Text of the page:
Yeah, it looks much better.  I really do enjoy painting, it’s fun and kind of soothing and there’s a huge sense of accomplishment at the end of it.  But as far as I’m concerned the next person who paints my house can be the executor of my estate.

Table Saw Restoration (part 3)

It is finishedAt long last, this beast is done.  Well, as done as it’s going to be for now.  There’s a few modifications I’ll eventually make to it – I’d like to button up the dust collection a little tighter and install a splitter or riving knife and get some kind of kickback preventer thing attached but for right now it works and it works great.

scratch and dentYeah, that’s the legendary Incra LS32-TS high precision fence attached to it.  Yes, I’m well aware that’s like putting a BMW steering wheel in a Plymouth Duster.  I can explain.  You see, my old table saw, also a Craftsman, came with this crappy, wobbly, tilted table saw fence.  Craftsman makes great tools, but their table saw fences are awful.  The thing never got the same distance twice.  It was never parallel to the blade.  It was not at a 90 degree angle to the table top.  It was a piece of crap and I hated it and lived with it for years.  With its help, I made dozens of lopsided pieces.  Every cabinet, every fireplace surround, every desk and table has at least ten flaws thanks to that effing thing.  I told myself this time I was going to treat myself to a nice fence, and my dart landed on that one.

I haven’t used the LS32-TS enough to write an informed opinion on it, but I am very pleased with it, even though I think they over-engineered the thing quite a bit.  And it is very difficult to calibrate.  Nonetheless, I look forward to many years of swearing at it enjoying its use.

miter gaugeAnd here’s a pic of the Incra miter gauge I had from my last table saw.  It sat disused in a corner until the thing rusted out on me, and I had to sand it down and paint it and restore it to usefulness once again.  That took me about two days but it’s better than spending the cash for a new one.  When you live on an island, you really go to great lengths to not waste anything.

nice bucketYou can laugh at my dust collection system all you want, but that 5 gallon bucket will catch a lot of sawdust that would normally just collect inside the thing.  I’ve tried putting a hose and a vacuum on my saw before but it was about as effective as a one legged man in a butt kicking contest.  The bucket is tightly sealed (by means of four bent nails; really high tech stuff!) to a cut piece of 1/4″ laminate on the bottom so there’s no gaps for the dust to get through.  The inside of the saw housing is sealed with enough duck tape to make Red Green proud.  Sawdust can still come out the back end and until I make a housing for it that will continue to happen.  But that bucket catches a surprising amount of debris, and it’s a handy container too.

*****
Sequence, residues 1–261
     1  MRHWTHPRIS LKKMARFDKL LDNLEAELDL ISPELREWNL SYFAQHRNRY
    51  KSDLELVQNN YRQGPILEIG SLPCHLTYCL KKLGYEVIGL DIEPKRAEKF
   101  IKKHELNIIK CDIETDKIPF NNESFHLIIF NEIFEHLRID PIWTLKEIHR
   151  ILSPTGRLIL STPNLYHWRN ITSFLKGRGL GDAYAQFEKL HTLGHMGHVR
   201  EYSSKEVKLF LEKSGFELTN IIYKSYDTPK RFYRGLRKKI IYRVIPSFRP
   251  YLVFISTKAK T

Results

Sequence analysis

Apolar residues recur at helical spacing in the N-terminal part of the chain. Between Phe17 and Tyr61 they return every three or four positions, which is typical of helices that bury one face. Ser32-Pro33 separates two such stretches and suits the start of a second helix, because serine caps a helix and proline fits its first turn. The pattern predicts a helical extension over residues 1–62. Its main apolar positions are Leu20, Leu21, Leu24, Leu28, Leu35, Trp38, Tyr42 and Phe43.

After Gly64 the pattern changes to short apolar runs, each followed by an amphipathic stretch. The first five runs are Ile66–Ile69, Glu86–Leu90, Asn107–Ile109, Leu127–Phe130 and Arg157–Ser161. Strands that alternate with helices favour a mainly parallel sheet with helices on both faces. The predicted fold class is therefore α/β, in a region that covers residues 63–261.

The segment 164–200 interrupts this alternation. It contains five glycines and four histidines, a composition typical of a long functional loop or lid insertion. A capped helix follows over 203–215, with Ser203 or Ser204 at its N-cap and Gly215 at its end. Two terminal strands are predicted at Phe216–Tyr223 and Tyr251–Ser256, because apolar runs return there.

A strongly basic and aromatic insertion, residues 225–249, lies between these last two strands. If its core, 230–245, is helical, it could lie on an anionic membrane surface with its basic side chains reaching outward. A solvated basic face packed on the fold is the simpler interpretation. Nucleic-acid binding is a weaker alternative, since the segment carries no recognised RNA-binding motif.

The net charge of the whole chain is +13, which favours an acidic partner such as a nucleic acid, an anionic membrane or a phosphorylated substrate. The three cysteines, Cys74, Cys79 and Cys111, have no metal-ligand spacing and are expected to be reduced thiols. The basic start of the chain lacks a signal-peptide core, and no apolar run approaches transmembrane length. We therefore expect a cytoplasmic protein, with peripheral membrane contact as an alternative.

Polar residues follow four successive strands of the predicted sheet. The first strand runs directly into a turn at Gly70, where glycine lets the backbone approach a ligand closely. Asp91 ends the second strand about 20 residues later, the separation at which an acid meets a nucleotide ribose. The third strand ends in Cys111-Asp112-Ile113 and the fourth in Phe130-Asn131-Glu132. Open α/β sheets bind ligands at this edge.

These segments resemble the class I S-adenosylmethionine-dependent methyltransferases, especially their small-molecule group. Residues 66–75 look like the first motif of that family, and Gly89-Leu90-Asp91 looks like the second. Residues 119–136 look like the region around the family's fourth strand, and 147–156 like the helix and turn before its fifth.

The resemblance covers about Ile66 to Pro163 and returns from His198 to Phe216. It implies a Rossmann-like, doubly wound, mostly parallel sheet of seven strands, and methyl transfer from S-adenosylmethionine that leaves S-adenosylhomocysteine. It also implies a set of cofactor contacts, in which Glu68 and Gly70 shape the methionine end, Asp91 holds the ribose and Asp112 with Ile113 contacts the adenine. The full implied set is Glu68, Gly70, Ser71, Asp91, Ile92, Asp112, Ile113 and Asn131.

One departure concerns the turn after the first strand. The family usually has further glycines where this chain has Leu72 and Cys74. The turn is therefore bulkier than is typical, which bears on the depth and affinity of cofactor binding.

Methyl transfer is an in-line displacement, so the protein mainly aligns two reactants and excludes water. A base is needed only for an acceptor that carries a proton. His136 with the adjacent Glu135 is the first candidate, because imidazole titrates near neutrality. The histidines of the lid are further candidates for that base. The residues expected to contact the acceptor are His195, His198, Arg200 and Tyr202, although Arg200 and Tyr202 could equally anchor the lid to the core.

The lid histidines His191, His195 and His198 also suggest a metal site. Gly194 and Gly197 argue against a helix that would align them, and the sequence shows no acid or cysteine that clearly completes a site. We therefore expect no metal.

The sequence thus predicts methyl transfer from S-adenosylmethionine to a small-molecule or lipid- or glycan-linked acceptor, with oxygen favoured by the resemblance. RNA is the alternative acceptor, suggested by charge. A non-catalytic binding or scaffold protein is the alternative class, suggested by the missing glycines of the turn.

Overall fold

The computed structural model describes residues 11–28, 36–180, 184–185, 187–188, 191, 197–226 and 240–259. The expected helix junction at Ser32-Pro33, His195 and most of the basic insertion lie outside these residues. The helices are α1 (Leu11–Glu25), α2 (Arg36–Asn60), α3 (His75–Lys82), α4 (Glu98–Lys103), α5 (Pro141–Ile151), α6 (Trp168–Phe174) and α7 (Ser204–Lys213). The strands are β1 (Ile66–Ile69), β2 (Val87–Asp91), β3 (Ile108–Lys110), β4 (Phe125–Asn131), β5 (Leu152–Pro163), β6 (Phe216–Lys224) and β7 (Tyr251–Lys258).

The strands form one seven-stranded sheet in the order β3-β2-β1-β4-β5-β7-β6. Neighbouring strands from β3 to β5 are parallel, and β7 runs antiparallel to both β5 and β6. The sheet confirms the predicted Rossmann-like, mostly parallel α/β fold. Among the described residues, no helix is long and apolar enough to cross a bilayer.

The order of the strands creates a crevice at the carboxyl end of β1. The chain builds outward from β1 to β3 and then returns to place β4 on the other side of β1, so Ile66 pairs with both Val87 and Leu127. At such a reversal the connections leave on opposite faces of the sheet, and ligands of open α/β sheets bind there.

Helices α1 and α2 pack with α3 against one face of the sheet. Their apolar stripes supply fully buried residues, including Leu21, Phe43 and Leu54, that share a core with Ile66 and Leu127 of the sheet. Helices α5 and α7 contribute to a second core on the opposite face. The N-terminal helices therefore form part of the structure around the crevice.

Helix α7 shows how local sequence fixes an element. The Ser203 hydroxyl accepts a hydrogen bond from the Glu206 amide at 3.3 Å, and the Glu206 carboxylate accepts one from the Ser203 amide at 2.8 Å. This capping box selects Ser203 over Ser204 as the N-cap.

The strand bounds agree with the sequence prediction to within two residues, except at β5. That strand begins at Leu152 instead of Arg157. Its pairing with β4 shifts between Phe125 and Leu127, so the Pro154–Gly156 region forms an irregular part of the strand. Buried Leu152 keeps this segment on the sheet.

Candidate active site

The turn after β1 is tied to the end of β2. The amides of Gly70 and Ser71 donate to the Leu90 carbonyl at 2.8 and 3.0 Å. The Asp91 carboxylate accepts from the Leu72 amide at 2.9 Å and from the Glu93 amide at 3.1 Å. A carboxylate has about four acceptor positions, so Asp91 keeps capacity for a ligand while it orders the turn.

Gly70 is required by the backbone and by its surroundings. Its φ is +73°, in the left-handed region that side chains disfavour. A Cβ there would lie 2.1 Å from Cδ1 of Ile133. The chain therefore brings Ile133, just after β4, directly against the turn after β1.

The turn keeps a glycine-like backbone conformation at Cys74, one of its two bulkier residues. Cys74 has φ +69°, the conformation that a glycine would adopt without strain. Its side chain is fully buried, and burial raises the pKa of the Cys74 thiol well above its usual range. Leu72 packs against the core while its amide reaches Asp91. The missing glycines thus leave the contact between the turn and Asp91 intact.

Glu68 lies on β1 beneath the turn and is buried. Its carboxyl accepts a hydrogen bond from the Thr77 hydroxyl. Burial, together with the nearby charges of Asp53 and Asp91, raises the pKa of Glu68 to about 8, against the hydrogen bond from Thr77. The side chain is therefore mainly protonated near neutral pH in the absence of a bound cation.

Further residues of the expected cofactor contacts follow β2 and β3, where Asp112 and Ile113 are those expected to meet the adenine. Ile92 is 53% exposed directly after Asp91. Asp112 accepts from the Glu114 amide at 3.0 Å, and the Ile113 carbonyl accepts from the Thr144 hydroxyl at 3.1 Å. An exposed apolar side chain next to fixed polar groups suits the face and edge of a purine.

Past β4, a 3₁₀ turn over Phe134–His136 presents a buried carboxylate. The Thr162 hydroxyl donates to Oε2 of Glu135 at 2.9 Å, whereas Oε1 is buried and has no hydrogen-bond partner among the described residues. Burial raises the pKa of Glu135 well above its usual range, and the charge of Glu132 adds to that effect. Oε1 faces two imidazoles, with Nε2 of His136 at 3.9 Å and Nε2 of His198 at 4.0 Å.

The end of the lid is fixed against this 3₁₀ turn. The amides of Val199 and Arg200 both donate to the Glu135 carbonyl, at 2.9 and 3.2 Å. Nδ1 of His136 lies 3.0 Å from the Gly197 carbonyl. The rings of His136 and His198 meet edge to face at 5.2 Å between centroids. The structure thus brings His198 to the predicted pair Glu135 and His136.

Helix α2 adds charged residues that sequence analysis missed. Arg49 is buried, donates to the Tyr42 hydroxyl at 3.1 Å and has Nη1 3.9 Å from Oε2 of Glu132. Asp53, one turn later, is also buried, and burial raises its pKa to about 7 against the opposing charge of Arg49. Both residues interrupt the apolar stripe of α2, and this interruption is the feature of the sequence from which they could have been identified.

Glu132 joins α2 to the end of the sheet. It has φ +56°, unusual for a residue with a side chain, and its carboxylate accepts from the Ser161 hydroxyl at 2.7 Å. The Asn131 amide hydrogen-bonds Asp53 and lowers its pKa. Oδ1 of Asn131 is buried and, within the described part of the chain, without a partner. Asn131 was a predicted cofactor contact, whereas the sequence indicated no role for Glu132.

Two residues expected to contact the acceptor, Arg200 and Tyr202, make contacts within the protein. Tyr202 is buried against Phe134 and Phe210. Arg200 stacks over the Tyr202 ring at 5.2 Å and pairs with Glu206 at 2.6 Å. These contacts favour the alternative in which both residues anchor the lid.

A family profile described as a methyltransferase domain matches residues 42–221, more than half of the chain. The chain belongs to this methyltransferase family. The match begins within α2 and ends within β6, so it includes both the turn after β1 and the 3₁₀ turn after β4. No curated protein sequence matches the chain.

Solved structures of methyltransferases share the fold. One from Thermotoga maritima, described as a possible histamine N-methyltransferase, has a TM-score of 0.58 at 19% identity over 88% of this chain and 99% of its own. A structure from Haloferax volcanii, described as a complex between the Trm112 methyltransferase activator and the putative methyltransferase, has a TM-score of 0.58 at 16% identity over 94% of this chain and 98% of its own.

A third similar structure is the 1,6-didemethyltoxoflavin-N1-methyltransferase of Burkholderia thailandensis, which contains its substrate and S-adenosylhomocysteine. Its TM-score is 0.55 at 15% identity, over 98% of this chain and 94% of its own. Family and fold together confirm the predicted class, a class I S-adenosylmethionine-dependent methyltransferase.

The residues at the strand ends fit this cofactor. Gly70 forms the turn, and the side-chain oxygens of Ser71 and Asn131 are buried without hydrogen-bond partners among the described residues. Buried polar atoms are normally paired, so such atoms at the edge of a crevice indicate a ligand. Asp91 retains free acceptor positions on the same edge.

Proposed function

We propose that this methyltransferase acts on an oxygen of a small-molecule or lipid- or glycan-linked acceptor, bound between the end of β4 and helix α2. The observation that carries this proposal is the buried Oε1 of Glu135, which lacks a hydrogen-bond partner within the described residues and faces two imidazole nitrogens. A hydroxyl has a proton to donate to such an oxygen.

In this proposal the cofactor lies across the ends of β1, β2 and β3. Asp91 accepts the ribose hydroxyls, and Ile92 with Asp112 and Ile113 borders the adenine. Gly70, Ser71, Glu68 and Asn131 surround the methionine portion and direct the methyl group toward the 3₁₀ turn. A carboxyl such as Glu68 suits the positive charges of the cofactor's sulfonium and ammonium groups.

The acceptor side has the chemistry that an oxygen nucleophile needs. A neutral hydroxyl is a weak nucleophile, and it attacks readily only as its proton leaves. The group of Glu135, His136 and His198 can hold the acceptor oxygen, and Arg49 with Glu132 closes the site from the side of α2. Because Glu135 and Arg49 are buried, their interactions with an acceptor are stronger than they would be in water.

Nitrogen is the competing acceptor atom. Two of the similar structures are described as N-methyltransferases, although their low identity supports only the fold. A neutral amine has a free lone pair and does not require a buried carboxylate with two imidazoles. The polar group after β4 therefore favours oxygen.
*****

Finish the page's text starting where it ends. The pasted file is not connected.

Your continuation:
motor rotation

Yeah, here in this pic you can see the bucket and maybe even some duck tape if you look closely enough.  I had a lot of fun painting and restoring the parts.  Even if the final product looks like a frankenstein saw (yes, it does, I won’t be offended if you say it) it was cool making everything fresh and new.

I put Kreg dual locking casters on the bottom so it can roll around.  Attached directly to the stand, the weight of this beast bent the metal legs (yes, I was very sad and frustrated when I saw it) and made it a little crooked, so I put a sheet of plywood down on the base and damn is that thing sturdy now.  Doesn’t budge at all when I lock all four casters and make cuts.  That thing rolls so smoothly that I just push it around the shop and ride on top of it shouting “Whee!” the whole way.

In the end, this was not unlike restoring an old car.  In fact, my knuckles are about as badly beat up from this project as they ever were from a ’72 beetle.  But unlike an old car, it’s not for show.  This workhorse is going to make a lot of sawdust over the next few years.  I have cabinets to make, and tables, and shelves, and wardrobes, and boxes and drawers and doors and even tools.  It’s been over a year since I’ve had access to a table saw in my wood shop, and I am anxious to crank out some projects.

cadillac of table saws



If you want a good place to watch every fireworks show in northwestern Washington state, look no further than our front porch.

Ooo!  Ahh.

The Canadians, who copy everything we do except our units of measurement, have their fireworks on July 1st, or Canada Day.  So we got tons of fireworks on the 4th and kilograms of fireworks on the 1st.